1925

Decree Law 486 of August 22, issued under the presidency of Arturo Alessandri Palma, created the Central Bank of Chile. The initiative arose from one of the projects presented that year by the Kemmerer Mission, hired by the government to restructure the Chilean monetary and financial system.

1926

The Central Bank opened its doors to the public with a nominal capital of 150 million Chilean pesos, of which approximately 13% were contributed by the State, 40% by domestic and foreign commercial banks operating in Chile, and the remaining 47% by the public through the subscription of shares. Its main duties were of a monetary nature.

1953

The Decree with Force of Law 106 was published, which replaced the previous Organic Law. In this new law, the Central Bank was conceived as an autonomous institution of indefinite duration, whose main objective consisted in “promoting the orderly and progressive development of the national economy through a monetary and credit policy that, seeking to avoid inflationary or depressive tendencies, enables the best use of the country’s productive resources”.

1960

The third Organic Law was published, which upheld the same objective entrusted to the Central Bank in previous legislation, albeit introducing several modifications. Among other things, the composition and election of the Board of Directors was modified; the Executive Committee was created, composed of the Governor, the Deputy Governor and the General Manager of the Bank; and the Bank’s powers in matters of credit control were expanded.

1975

Through the enactment of the fourth Organic Law of the Bank, the Monetary Board was created, a ministerial-level body in charge of setting monetary, credit, capital market, foreign trade, tariff, international exchange and savings policies, in accordance with the rules established by the Executive Branch. In addition, the Central Bank became an autonomous institution of public law, which did not take part in the State’s administration, and was endowed with its own capital. This new law also expressly provided for the power of the Central Bank to grant loans to the Treasury by virtue of special laws.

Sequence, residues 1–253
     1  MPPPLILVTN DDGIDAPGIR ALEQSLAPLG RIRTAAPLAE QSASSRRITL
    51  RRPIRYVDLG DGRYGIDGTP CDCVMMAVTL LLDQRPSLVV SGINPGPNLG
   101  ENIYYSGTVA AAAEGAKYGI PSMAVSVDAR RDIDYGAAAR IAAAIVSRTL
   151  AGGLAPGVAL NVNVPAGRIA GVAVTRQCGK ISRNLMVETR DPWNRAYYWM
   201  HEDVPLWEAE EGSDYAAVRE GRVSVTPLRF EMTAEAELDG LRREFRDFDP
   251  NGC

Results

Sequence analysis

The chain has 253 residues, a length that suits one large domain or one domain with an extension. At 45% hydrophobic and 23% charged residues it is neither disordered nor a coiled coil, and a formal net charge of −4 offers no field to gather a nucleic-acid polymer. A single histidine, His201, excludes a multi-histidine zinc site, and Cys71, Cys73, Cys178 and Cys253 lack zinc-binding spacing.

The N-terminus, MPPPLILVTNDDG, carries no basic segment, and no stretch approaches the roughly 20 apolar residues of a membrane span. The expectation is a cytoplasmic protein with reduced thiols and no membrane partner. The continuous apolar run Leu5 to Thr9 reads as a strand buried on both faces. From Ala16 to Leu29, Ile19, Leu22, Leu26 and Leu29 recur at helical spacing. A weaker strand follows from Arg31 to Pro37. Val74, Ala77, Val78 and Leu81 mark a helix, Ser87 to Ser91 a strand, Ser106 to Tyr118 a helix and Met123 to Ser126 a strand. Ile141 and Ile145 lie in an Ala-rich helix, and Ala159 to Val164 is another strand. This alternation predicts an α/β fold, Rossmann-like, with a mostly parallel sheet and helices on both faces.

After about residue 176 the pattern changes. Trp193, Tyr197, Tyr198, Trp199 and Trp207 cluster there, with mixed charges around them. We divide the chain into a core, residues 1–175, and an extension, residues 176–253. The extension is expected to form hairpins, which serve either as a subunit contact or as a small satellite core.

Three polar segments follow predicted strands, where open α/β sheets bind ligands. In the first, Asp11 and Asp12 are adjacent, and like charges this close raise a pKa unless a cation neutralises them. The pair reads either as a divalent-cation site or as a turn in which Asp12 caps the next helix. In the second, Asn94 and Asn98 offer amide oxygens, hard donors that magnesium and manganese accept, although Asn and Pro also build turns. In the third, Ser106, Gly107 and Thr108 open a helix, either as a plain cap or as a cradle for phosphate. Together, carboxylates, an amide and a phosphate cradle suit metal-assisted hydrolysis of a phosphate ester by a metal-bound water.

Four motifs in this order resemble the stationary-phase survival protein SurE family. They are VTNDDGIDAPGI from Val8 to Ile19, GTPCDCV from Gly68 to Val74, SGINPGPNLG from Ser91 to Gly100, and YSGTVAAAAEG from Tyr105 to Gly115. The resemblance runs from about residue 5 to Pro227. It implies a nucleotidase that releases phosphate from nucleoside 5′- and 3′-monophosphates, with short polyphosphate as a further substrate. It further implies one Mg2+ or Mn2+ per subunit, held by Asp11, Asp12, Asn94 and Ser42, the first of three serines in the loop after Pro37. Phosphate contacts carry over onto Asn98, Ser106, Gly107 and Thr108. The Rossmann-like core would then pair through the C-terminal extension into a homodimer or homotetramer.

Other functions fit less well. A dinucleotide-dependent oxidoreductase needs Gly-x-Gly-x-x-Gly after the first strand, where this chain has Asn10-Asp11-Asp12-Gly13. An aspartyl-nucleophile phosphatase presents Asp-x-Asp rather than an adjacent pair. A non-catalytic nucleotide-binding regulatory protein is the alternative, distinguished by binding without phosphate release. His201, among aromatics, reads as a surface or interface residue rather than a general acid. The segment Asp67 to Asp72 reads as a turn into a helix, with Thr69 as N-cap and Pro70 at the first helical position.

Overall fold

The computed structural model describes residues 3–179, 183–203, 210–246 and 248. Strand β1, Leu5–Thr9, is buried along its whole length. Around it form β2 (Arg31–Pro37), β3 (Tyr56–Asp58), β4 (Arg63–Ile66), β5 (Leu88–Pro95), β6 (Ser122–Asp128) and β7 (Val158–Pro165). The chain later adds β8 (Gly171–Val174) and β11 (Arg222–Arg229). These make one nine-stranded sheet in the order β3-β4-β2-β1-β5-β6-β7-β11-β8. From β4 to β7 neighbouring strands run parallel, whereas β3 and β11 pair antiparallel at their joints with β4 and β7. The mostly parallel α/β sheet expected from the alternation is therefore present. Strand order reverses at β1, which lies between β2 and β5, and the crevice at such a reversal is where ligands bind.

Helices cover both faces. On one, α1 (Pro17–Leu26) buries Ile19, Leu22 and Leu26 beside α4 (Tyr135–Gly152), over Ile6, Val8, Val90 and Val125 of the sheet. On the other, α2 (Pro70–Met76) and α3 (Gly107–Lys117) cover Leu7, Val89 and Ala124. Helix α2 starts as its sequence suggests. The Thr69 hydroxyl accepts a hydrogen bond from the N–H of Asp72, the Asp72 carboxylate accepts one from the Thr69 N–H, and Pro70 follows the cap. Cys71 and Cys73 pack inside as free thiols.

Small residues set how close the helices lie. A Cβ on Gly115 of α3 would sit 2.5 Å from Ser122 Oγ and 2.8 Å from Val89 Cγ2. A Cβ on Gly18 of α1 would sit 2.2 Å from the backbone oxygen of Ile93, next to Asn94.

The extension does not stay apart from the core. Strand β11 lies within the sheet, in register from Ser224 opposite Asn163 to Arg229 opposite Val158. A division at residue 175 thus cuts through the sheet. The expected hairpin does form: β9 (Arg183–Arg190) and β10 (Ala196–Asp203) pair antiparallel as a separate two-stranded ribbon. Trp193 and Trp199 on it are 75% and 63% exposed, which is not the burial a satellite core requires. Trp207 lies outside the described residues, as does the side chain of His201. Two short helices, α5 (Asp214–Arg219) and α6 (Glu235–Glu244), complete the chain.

1979

The Organic Law was amended to establish that the Central Bank could not, in any case whatsoever, acquire for itself deductible promissory notes from the General Treasury of the Republic or other credit documents issued directly by the Treasury, or offer direct loans to entities and companies in the public or private sectors, with the exception of financial institutions.

1981

Chile’s Political Constitution conferred constitutional rank to the existence of an autonomous Central Bank. At the same time, the Constitution defined the Bank as a body with its own capital, of technical nature and whose composition, organization, duties and powers should be determined by means of a constitutional organic law.
Article 109 of the Magna Carta states that the Bank may only carry out transactions with financial entities, public or private, although without granting them any guarantees. It also provides that the Bank may not acquire documents issued by the State, its agencies or companies, and that it may not finance any public expenditure, unless the National Security Council considers that the country is in foreign war or threatened by it.

1989

Law 18,840 was published, which in Article 1 established the text of the Constitutional Organic Law of the Central Bank of Chile, and the first Board of the autonomous Central Bank took office, presided by Andrés Bianchi and composed of Alfonso Serrano, Roberto Zahler, Enrique Seguel, and Juan Eduardo Herrera. From that year on, the Central Bank began to implement policies that enabled the reduction of inflation to levels that oscillate by 3% over a year.

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